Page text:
XIX - The Bible as a
Book of Morals
As far as the Bible is concerned, our new appreciation of the origins of Yahwism within the fertility philosophy and not, as has been commonly supposed, in opposition to it, means that we must start again in assessing the part played by the prophets in the cult’s development. The old chronological framework on which so much of our understanding of religious “progress” has in the past been based is in ruins.
The road from Abraham in Ur of the Chaldees through the patriarchs and Moses to the prophets and Jesus of Nazareth has vanished. Development there certainly was: the crude fertility imagery which saw a mighty penis in the sky ejaculating spermatozoa every time it rained had become by the first century, and indeed long before, a more sophisticated mystery religion.
The remote phallic deity in the heavens could now be apprehended by the believer in possession of the secrets of the drug plants and fungi. For the first time we can begin to understand the precise reference of some of the prophetic utterances about contemporary Yahwism. We have noticed a few instances, particularly in the book of Isaiah, where fresh light has been thrown on the place of the cultic prostitute in the local religious practices, and the nature of the “gardens” that she tended. In such places the prophet seems utterly opposed to the mushroom cult.
On the other hand, where, for example, Ezekiel decries the cultic abominations of the Jerusalem temple, the phallic processionals and the women bewailing Tammuz, the very nature of the vision that transports him from Mesopotamia to Jerusalem and the apparitions of whirling, eye-studded wheels, are very reminiscent of the reported psychedelic effects of the drugs of the Amanita muscaria.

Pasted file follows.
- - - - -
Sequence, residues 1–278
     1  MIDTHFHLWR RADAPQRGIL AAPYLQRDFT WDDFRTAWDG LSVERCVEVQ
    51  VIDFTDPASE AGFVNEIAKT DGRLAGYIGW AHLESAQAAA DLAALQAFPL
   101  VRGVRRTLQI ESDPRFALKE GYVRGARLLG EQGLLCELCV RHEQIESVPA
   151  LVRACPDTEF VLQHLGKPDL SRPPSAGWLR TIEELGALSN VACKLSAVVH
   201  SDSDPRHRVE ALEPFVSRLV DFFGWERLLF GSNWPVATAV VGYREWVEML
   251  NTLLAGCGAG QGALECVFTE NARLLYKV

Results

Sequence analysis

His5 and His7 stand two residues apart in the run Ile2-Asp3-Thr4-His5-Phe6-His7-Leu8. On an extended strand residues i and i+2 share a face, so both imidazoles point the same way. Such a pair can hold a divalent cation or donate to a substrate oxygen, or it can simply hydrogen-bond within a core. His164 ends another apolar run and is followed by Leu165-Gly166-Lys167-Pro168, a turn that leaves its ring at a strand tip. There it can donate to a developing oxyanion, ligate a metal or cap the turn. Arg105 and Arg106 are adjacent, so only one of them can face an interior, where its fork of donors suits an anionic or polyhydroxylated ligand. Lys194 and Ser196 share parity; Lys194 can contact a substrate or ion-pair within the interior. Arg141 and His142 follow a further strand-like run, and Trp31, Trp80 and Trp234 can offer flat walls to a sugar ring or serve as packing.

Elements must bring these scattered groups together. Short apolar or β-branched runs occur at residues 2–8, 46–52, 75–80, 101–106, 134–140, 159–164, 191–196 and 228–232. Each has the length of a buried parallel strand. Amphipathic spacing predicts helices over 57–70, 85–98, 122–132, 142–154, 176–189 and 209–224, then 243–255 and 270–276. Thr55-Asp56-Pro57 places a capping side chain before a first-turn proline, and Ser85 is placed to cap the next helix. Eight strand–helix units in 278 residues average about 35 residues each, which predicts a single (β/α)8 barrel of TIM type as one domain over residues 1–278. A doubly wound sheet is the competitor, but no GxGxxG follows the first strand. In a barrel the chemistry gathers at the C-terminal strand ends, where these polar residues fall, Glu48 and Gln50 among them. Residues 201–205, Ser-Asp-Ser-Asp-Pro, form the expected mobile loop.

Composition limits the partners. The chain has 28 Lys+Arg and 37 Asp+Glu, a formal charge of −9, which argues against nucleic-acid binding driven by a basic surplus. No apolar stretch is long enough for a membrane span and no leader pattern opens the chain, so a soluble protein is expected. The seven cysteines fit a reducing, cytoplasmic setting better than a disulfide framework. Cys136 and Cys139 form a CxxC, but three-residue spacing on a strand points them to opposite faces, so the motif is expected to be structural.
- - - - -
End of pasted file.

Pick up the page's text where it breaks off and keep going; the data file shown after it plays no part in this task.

Furthermore, the worship of the sacred fungus, as we can now appreciate, was an essential part of the oldest Hebrew heritage. Many of the patriarchal legends and names are based on mushroom imagery and nomenclature. As we saw, mushroom worship, by its own extreme nature, its fanaticism and bouts of uncontrolled frenzy, bred its own opposition among normal people.
More balanced religionists condemned these aspects of the cult, and the Old Testament records successive attempts by kings and prophets to purge its “abominations” from the land. But they were too deeply rooted to be wholly successful. Even the most intensive and successful of the purges, carried through with ruthless intensity during the Nehemiah-Ezra reforms after the Exile, simply drove the mushroom cult underground, whence it re-emerged in later centuries far more dangerously in the politically orientated movements, Zealotism and Christianity.
We must abandon then any over-simplification of the religious picture presented by the Old Testament: it is not the story of one people’s revolt against the heinous fertility worship of the land to which their desert god had led them. Despite the dramatic episode of Elijah on Mount Carmel, the theme is not Yahweh versus Baal.